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The Problem With Identical Disc and Packaging Design

Some designers like to re-use their front-cover artwork on their CD disc face. While it is very tempting to re-use the front-cover design for the sake of creating some continuity between the disc and the packaging, there is a pitfall that you need to be aware of:

Even though it's the same design, the colouration of the two prints may not "match". Not everyone has the same expectation levels but, due to the fact some clients expect to see absolutely no difference in colour between the disc print and the packaging print, the situation needs to be explained.

The disc and the packaging are printed using different machines.

The machinery for printing CD and DVD discs is very specialized, so a different printer would be used for printing your packaging materials.

While four-colour process (CMYK) is the most common form of commercial printing, depending on the specific CD or DVD project there are a number of different CMYK printers that could be used. This includes CMYK digital printing, CMYK offset printing, CMYK inkjet printing, CMYK thermal printing, CMYK silkscreen printing.

Different types of machines and technologies generally mean that the types (or brands) of ink will also be different. The difference between two types/brands may produce subtle differences in printing characteristics.

Printing onto different substrates can lead to different results.

A CD or DVD disc is made of non-porous plastic, thus it requires ink that dries through evaporation. The substrates for the packaging print are typically board-stock or paper-stock which are porous materials, which require ink that dries through absorption.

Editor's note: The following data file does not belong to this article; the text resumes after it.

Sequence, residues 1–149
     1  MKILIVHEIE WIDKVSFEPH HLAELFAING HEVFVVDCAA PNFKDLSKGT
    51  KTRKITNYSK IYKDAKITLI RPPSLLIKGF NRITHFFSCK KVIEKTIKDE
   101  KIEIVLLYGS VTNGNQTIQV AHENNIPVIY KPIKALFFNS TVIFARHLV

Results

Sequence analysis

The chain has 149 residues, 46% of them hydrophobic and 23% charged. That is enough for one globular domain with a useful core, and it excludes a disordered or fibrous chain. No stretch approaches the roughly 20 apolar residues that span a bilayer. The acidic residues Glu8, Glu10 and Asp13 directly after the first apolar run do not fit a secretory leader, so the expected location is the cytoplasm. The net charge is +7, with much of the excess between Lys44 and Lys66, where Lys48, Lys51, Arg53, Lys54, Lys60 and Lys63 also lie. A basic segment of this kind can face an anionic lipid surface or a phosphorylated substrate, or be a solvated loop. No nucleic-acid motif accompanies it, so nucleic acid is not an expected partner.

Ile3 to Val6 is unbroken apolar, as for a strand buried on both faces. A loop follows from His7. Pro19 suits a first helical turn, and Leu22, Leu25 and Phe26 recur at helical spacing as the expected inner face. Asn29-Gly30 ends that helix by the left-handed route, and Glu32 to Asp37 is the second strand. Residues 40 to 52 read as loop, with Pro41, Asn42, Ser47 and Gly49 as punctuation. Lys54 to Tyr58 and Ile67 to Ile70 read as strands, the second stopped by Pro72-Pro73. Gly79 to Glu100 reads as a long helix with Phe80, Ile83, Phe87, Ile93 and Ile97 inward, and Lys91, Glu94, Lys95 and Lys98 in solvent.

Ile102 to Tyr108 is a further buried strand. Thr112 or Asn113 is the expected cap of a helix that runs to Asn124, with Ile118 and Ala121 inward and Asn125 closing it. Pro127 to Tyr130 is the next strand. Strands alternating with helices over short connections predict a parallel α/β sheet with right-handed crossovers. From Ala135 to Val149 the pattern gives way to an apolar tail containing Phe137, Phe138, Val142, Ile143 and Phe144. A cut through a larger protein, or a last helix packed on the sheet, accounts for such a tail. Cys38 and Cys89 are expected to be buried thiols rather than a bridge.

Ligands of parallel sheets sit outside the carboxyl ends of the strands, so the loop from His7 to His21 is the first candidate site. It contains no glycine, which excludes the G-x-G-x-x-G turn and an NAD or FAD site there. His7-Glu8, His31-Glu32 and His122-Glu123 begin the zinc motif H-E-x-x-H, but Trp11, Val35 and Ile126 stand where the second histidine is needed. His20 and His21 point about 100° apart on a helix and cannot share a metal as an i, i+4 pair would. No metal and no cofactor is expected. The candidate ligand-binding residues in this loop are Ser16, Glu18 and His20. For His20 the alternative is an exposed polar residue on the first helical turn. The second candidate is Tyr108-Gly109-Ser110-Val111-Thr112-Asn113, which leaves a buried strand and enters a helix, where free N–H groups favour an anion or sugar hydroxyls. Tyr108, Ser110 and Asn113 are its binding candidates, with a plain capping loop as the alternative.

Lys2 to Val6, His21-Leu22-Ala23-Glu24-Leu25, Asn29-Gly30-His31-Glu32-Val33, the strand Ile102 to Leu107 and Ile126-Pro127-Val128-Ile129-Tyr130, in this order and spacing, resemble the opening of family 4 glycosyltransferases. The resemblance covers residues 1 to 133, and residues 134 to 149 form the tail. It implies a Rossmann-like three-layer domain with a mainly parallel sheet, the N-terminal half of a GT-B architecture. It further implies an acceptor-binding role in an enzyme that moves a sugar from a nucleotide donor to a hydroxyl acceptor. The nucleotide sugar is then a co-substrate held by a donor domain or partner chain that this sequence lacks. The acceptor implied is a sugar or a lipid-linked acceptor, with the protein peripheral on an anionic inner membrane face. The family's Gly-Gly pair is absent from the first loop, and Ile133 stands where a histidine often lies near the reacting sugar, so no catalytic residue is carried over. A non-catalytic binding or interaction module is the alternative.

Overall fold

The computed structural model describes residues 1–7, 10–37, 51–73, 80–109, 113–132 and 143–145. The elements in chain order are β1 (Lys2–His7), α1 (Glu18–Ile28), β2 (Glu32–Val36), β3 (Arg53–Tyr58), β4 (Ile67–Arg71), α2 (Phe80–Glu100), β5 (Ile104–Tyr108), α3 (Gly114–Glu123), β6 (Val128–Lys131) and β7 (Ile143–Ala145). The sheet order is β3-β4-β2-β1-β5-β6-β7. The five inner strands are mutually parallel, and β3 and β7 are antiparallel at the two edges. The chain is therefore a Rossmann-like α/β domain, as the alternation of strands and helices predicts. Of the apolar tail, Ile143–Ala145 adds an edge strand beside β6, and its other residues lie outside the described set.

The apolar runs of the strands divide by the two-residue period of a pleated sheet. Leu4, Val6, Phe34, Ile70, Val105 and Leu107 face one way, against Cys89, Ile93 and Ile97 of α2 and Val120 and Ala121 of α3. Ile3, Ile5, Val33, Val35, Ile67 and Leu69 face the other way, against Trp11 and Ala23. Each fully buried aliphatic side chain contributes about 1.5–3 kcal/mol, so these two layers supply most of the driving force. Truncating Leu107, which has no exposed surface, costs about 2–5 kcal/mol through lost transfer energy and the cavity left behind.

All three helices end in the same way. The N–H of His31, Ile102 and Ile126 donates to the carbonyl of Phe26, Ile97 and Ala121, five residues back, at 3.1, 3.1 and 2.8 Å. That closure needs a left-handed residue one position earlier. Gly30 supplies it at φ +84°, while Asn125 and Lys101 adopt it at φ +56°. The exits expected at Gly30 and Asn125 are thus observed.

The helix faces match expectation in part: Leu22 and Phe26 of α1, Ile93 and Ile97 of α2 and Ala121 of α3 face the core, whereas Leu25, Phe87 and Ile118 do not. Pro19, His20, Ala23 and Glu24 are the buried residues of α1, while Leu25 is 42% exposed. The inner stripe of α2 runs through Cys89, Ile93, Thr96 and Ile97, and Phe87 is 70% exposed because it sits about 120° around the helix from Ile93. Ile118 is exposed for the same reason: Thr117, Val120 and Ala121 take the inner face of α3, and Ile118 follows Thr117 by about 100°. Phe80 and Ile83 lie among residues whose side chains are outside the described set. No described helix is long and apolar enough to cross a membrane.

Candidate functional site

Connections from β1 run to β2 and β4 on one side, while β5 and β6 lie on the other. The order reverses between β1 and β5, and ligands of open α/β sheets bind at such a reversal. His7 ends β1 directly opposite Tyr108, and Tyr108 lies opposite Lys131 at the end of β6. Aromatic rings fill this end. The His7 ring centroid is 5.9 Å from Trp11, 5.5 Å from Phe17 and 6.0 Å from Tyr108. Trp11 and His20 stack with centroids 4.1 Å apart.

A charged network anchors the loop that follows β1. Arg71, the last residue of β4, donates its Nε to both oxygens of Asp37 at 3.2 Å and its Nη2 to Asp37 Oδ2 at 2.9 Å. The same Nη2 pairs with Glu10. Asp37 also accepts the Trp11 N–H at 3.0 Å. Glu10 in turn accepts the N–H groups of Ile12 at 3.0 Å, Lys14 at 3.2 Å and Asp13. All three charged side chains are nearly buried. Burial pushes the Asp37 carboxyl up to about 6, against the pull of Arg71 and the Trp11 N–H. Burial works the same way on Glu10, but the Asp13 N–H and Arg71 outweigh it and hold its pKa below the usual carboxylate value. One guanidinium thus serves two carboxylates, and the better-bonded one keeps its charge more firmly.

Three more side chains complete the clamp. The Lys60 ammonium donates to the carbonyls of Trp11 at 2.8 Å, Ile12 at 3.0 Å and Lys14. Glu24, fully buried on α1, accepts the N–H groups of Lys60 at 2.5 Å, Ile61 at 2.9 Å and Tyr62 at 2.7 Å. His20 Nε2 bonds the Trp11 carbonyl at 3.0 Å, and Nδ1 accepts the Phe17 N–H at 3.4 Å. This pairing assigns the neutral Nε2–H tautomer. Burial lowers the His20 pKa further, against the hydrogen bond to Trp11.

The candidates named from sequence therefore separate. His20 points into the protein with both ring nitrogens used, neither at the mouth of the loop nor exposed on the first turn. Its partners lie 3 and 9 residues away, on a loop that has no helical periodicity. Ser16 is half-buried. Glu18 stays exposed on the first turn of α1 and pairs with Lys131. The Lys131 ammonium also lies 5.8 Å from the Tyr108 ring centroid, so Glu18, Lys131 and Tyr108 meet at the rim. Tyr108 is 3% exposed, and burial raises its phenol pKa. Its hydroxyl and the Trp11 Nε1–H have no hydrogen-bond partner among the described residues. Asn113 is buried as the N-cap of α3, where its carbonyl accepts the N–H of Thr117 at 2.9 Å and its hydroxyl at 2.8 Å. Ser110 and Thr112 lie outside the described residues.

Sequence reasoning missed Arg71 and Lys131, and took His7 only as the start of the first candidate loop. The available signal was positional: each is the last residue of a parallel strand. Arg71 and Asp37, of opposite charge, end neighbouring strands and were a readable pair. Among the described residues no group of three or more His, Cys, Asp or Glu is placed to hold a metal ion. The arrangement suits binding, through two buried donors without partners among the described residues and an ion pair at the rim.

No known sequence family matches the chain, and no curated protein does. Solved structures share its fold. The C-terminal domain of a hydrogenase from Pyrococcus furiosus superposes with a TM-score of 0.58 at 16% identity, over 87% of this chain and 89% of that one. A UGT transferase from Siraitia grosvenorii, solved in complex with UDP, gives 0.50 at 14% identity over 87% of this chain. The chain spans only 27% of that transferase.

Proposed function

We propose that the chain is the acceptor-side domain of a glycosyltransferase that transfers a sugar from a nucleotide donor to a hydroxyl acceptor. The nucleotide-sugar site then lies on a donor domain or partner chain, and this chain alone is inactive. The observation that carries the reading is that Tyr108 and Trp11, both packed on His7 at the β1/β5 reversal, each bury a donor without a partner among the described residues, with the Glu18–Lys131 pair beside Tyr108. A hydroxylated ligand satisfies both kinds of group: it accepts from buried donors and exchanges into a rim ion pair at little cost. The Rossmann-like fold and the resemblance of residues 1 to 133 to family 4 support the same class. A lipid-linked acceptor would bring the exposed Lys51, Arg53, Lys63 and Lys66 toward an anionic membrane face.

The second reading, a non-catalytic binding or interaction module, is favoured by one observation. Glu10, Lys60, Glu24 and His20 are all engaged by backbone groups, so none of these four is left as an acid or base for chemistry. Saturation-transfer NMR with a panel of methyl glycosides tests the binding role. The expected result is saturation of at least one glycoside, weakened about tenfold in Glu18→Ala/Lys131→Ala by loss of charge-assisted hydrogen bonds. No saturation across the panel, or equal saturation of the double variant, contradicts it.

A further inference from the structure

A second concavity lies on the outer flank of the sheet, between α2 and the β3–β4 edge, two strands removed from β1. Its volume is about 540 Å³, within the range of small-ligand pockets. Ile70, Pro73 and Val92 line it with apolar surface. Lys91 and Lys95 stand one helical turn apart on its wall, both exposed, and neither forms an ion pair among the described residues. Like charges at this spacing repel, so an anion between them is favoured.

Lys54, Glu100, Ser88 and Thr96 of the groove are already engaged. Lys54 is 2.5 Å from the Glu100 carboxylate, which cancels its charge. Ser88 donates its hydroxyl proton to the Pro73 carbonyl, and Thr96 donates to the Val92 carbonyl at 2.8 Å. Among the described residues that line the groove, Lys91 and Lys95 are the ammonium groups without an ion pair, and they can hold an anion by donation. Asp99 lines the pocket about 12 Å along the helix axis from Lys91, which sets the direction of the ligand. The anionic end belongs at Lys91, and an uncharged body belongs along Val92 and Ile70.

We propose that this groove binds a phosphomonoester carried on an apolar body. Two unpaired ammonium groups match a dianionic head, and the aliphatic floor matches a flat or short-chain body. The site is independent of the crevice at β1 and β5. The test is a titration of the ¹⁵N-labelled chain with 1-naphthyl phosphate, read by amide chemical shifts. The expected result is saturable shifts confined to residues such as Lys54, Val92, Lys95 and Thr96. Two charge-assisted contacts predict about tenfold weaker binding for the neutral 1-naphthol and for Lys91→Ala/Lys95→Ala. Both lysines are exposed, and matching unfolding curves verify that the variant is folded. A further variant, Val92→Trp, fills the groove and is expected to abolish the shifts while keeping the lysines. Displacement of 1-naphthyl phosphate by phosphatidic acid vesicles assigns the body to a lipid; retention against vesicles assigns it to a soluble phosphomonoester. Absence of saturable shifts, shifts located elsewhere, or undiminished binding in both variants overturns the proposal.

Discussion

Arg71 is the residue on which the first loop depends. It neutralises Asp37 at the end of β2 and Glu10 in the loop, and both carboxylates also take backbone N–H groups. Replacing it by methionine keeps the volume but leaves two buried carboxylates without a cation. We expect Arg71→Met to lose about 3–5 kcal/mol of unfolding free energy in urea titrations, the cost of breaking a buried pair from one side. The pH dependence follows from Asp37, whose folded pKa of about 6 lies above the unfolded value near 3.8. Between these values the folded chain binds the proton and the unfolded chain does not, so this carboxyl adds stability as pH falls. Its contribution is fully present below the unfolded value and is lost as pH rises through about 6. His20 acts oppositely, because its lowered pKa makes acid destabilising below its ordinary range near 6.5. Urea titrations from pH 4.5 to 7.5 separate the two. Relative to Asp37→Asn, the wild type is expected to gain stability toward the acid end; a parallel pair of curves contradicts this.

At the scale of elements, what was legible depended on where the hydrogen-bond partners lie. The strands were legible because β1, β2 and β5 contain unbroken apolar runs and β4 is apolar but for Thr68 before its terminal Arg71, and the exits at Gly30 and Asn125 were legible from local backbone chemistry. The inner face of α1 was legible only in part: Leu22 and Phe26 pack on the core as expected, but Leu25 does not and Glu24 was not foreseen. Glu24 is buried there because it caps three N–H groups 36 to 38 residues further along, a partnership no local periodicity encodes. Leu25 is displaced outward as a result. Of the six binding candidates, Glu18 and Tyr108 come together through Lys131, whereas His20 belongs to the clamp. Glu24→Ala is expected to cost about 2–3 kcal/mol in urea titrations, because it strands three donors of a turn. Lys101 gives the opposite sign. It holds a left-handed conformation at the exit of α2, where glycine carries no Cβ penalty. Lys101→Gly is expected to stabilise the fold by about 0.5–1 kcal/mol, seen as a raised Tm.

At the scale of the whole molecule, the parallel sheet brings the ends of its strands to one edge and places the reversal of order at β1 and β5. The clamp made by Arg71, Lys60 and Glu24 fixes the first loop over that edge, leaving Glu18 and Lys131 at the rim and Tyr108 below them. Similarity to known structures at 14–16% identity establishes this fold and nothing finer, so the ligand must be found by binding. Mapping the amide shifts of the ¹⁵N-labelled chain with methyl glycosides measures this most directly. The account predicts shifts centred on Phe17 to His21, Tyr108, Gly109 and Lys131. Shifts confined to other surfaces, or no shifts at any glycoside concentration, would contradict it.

The 'finish' of a CD or DVD disc is different than that of the substrates used for the packaging. Different finishes are going to affect how the print colours are represented.

Factoring in all of the differences as noted above it is logical to conclude that printing a design using different types of printing technologies, inks, substrates, and finishes, will create different results. Or in other words... they may not match.

Now the question becomes, to what degree? Unfortunately there is no way of knowing in advance.

Depending on the type of printer being used for the specific project, it might be possible for the print operator to adjust the colour output to aid in creating as close a match as possible but there is still no guarantee as to what results can be achieved. In addition, some printers may charge for such efforts.

Better safe than sorry!

Getting hard-copy printed proofs is always a good way to protect yourself from unexpected colour issues. Better to spend a little bit of money to be sure of your print colouration than get your order and not be happy with the results.

Ultimately, the safest way to go is to create a unique design for the disc face.

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